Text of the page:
It happens more often than you might think. Almost half of all pregnancies in the U.S. are unplanned.
“If you’re a woman and haven’t gone through menopause yet, then it’s possible for you to get pregnant,” says Siobhan Dolan, MD, a professor of obstetrics and gynecology and women’s health at Albert Einstein College of Medicine.
You can take steps to improve your chances of conceiving only when you’d like to.
Why It Happens
As the saying goes, the only form of birth control that’s 100% effective is abstinence. “Most of the time, birth controldoes work, but ‘accidents’ can happen,” Dolan says.
Condoms, birth control pills, intrauterine devices (IUDs), and other methods usually work 80% to more than 90% of the time. And permanent birth control, like female sterilization or male vasectomy, has a failure rate of less than 1%.
If you use birth control wrong, your chances of getting pregnant go up. Sometimes it’s obvious that it didn’t work, like when a condom breaks. In that case, you may want to take a second step, like the over-the-counter “morning after” pill. It can prevent pregnancy up to 5 days after unprotected sex. But if you don’t notice an error like a small hole in a condom, or that you missed your daily pill, you could become pregnant.
The single biggest reason for unplanned pregnancy isn’t ineffective birth control — it’s from a couple not using anycontraception. “Some women may not use birth control regularly, and others not at all,” says Maureen Phipps, MD, chief of obstetrics and gynecology at Women and Infants Hospital of Rhode Island. “They may not like it, might not have access to it, or may even have a partner who doesn’t want them to use it.”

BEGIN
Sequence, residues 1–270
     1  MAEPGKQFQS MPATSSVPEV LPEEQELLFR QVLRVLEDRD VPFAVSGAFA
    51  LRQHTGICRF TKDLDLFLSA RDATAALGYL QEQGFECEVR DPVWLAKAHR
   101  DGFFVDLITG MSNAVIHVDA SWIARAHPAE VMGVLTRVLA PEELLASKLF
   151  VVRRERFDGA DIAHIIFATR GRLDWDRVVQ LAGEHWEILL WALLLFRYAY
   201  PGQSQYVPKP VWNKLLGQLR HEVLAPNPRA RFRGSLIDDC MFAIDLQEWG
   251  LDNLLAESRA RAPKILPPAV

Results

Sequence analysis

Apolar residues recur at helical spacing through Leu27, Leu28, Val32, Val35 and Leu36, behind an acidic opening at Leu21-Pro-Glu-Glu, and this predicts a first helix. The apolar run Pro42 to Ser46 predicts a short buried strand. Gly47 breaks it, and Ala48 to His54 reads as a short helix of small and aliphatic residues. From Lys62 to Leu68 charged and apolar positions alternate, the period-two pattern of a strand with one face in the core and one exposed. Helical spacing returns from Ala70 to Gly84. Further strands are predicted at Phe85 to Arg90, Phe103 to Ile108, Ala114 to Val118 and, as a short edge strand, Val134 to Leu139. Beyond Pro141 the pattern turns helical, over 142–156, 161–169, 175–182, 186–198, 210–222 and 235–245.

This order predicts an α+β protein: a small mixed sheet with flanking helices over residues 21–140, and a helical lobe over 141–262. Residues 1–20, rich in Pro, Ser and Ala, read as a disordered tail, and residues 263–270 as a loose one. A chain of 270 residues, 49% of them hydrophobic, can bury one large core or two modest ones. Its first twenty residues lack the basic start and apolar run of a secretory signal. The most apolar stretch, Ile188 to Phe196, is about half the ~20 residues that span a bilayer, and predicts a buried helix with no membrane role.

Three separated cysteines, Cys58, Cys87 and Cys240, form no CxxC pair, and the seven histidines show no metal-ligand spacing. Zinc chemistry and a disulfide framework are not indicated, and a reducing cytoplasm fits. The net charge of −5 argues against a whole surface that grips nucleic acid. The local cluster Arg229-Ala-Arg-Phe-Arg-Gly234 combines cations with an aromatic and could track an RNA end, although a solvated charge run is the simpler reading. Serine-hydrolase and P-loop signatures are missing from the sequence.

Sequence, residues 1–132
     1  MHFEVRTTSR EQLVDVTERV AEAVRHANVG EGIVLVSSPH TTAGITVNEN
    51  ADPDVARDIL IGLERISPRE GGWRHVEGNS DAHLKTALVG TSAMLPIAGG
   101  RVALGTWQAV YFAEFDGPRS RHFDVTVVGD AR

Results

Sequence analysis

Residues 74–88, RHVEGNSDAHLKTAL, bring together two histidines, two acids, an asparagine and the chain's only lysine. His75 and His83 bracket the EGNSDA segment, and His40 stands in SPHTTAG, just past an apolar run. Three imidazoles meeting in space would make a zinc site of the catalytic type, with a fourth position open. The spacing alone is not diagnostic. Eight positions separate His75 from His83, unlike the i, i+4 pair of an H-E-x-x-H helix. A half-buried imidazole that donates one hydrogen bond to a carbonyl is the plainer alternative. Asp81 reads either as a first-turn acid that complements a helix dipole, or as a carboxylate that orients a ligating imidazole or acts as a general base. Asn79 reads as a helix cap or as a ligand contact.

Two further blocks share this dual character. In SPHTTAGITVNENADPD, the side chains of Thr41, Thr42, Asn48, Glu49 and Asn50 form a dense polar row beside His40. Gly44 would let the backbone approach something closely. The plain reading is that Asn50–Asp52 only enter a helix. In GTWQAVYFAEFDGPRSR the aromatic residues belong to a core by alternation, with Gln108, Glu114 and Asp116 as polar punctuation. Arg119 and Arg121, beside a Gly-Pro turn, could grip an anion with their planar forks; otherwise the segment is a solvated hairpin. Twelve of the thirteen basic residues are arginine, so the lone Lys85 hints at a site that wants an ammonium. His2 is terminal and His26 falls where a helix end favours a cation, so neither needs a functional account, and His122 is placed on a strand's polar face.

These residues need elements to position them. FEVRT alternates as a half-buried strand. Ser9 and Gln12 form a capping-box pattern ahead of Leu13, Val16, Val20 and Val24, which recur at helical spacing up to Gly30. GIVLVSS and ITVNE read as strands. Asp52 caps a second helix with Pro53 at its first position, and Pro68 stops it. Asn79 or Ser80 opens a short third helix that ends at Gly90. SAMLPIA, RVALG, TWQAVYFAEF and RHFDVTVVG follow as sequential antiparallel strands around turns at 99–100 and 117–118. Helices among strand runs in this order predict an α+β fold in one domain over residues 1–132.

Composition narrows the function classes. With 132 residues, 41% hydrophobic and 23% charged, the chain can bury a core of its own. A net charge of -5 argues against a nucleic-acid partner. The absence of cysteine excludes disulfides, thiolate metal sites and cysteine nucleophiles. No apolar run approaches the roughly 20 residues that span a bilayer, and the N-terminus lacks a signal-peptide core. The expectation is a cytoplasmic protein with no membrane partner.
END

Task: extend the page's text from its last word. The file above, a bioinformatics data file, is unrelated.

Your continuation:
Many times, women or their partners aren’t sure if they want a child or not, Phipps says. “They’re not planning [to have a baby], but they’re not actively trying to avoid pregnancy, either. And they end up getting pregnant.”
Some women don’t realize that they could get pregnant. If you’ve struggled with infertility in the past, don’t have regular periods, or are in perimenopause (the time period before menopause, which can lead to light or irregular periods), it’s still possible for you to conceive, though you don’t expect it.
If you still get your periods — even if they aren’t regular — and you don’t want to get pregnant, you “should keep using birth control,” Dolan says.
Once you go through menopause (meaning you’re no longer menstruating and it’s been a full year since you’ve had a period), then it’s safe to assume you can have sex without contraception and not get pregnant. You will still need to protect yourself from sexually transmitted diseases, though.